The second concept for the MGB replacement was worked on in the early seventies and was very futuristic in appearance. ADO 21 as it was known only ever made the clay mock-up stage. It was proposed that this car should be powered by a mid engine and an experimental chassis was made up using a 1750 Maxi engine mated to a highly modified MGB GT shell that carried strut front suspension and a De Dion rear configuration. Unfortunately this design exercise was shelved in favour of those submitted by Triumph for the BL corporate plan for the seventies. The main reason for the decision was the fact that the projected car would have very few components in common with the rest of the BL range and thus would make it an expensive vehicle to produce. From 1970 onwards there were noticeable styling changes, with the luxury of reclining seats and the addition of pressed steel rostyle wheels, together with a different recessed front grille. In 1973 came more changes with mainly visual improvements to the interior and a distinctive 'honeycomb' front grille. Then in 1975 the most dramatic changes of all took the form of modifications for the American market. These cars had the controversial heavy black polyurethane bumpers fitted front and rear and the ride height was altered to comply with the American regulations. This action did affect the handling quite markedly producing excessive roll on hard cornering, this however was to be rectified in 1976 when a thicker anti-roll bar was fitted virtually eradicating the handling and roadholding difficulties. At the same time as the bumpers were introduced, emission control equipment had to be fitted to the US specification cars, with the end result that the home market cars found themselves with slightly less power. The next significant changes, mainly to the interior, took place in 1977 with a completely restyled fascia that sported a new instrument layout and different control positioning, there was also a new four spoked steering wheel and various other cosmetic and functional improvements. The MGB continued in this form right up to the end of production in October 1980 which is sadly when the last MG rolled off the production line in Abingdon. In those 18 years of production, the basic body shape remained unaltered. It was a design that was ahead of its time and still looks good some 45 years on!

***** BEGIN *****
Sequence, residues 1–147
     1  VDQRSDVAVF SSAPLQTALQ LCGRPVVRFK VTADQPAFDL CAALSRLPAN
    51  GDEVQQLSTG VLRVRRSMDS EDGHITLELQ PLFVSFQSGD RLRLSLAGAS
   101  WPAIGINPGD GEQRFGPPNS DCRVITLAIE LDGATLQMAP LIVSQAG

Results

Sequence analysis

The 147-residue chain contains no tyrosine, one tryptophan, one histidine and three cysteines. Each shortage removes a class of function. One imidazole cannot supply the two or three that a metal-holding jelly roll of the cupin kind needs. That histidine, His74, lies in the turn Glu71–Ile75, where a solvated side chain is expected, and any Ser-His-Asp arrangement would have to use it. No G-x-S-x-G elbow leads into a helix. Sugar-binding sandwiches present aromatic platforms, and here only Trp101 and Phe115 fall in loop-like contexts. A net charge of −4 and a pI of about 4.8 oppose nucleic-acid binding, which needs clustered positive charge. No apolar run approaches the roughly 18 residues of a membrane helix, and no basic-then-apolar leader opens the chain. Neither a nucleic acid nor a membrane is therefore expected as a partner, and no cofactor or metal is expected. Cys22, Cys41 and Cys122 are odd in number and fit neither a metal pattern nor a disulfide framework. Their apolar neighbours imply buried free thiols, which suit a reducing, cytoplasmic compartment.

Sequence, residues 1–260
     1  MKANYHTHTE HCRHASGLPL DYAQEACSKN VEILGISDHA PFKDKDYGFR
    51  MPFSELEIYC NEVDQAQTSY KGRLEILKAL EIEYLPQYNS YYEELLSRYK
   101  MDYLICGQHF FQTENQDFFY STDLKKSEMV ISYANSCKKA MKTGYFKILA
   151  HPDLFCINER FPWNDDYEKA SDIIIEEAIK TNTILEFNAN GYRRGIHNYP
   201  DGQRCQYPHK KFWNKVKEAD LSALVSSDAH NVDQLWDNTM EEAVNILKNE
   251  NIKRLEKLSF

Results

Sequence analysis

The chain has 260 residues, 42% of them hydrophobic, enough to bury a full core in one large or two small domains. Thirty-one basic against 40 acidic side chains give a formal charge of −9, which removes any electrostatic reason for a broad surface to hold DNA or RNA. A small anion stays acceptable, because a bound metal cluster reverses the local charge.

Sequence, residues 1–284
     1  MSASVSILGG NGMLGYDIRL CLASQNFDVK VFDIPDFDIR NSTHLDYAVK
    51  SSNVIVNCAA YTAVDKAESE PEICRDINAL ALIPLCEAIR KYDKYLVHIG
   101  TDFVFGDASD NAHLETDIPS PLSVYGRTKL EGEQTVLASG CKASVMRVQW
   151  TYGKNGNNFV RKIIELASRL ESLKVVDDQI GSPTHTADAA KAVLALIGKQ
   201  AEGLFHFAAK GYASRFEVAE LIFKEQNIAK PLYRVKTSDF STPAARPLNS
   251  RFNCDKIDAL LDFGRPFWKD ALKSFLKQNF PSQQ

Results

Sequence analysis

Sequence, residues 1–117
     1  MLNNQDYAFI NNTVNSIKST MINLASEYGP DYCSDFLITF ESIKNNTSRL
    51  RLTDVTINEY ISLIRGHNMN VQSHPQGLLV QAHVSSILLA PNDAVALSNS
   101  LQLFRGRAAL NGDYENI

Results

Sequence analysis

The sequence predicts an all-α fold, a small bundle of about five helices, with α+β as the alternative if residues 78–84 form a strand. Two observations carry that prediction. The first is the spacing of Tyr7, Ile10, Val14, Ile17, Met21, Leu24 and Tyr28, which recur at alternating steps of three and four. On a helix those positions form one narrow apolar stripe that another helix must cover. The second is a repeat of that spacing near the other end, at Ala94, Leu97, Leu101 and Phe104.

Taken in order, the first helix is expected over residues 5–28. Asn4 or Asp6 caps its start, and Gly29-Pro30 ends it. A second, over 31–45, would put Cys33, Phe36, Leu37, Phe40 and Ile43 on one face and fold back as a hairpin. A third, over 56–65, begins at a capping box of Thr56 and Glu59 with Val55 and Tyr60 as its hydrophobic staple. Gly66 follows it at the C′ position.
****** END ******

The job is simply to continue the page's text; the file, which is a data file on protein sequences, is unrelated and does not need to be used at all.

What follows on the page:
Number of cylinders: 4
Main bearings: 3
Bore and Stroke: 80.26mm x 88.90mm
Valve gear: Overhead
Compression ratio: High: 8.8:1 Low: 8.0:1
Max Power: 94bhp @ 5,500rmp (from 1964 95bhp @ 5,400rpm)
Max Torque: 107lb/ft @ 3,500rpm (from 1964 110lb/ft@3000rpm)
Carburation: Twin SU HS4
Type: 4 speed, part synchromesh non overdrive
Clutch: Single plate dry, hydraulically operated
Suspension: Front: coil and wishbone.
Rear: live axle with leaf springs.
Dampers: Armstrong lever arm front and rear.
Steering: Rack and pinion.
Brakes: 10.75" dia front disc. 10" dia rear drum.
Wheels: 4J x 14 pressed steel (optional wire spoke).
Tyres: 5.60 x 14 tubed crossply.
0-60mph: 12.1 secs
Top speed: 108.1mph
Fuel consumption: Approx 23mpg